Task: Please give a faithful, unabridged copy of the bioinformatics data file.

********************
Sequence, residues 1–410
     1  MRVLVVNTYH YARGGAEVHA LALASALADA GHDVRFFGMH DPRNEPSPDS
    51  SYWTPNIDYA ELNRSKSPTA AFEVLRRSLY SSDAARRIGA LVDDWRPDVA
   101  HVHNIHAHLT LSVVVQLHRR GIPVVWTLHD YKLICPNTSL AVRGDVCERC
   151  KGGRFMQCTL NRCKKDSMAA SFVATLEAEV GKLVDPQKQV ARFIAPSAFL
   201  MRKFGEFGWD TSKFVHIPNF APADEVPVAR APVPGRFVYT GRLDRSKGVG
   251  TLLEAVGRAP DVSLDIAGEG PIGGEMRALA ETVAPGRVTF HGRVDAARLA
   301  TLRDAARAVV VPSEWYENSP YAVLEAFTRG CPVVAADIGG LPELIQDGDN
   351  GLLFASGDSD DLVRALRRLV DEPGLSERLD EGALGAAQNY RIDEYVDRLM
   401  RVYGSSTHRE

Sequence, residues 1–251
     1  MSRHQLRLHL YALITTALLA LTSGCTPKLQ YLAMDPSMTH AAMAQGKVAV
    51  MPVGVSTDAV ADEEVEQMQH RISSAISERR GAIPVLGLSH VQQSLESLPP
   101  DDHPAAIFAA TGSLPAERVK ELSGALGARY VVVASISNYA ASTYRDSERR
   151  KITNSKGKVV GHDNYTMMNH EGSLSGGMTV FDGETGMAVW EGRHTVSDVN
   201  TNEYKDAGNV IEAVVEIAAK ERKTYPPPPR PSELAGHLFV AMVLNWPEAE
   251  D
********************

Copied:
Sequence, residues 1–410
     1  MRVLVVNTYH YARGGAEVHA LALASALADA GHDVRFFGMH DPRNEPSPDS
    51  SYWTPNIDYA ELNRSKSPTA AFEVLRRSLY SSDAARRIGA LVDDWRPDVA
   101  HVHNIHAHLT LSVVVQLHRR GIPVVWTLHD YKLICPNTSL AVRGDVCERC
   151  KGGRFMQCTL NRCKKDSMAA SFVATLEAEV GKLVDPQKQV ARFIAPSAFL
   201  MRKFGEFGWD TSKFVHIPNF APADEVPVAR APVPGRFVYT GRLDRSKGVG
   251  TLLEAVGRAP DVSLDIAGEG PIGGEMRALA ETVAPGRVTF HGRVDAARLA
   301  TLRDAARAVV VPSEWYENSP YAVLEAFTRG CPVVAADIGG LPELIQDGDN
   351  GLLFASGDSD DLVRALRRLV DEPGLSERLD EGALGAAQNY RIDEYVDRLM
   401  RVYGSSTHRE

Sequence, residues 1–251
     1  MSRHQLRLHL YALITTALLA LTSGCTPKLQ YLAMDPSMTH AAMAQGKVAV
    51  MPVGVSTDAV ADEEVEQMQH RISSAISERR GAIPVLGLSH VQQSLESLPP
   101  DDHPAAIFAA TGSLPAERVK ELSGALGARY VVVASISNYA ASTYRDSERR
   151  KITNSKGKVV GHDNYTMMNH EGSLSGGMTV FDGETGMAVW EGRHTVSDVN
   201  TNEYKDAGNV IEAVVEIAAK ERKTYPPPPR PSELAGHLFV AMVLNWPEAE
   251  D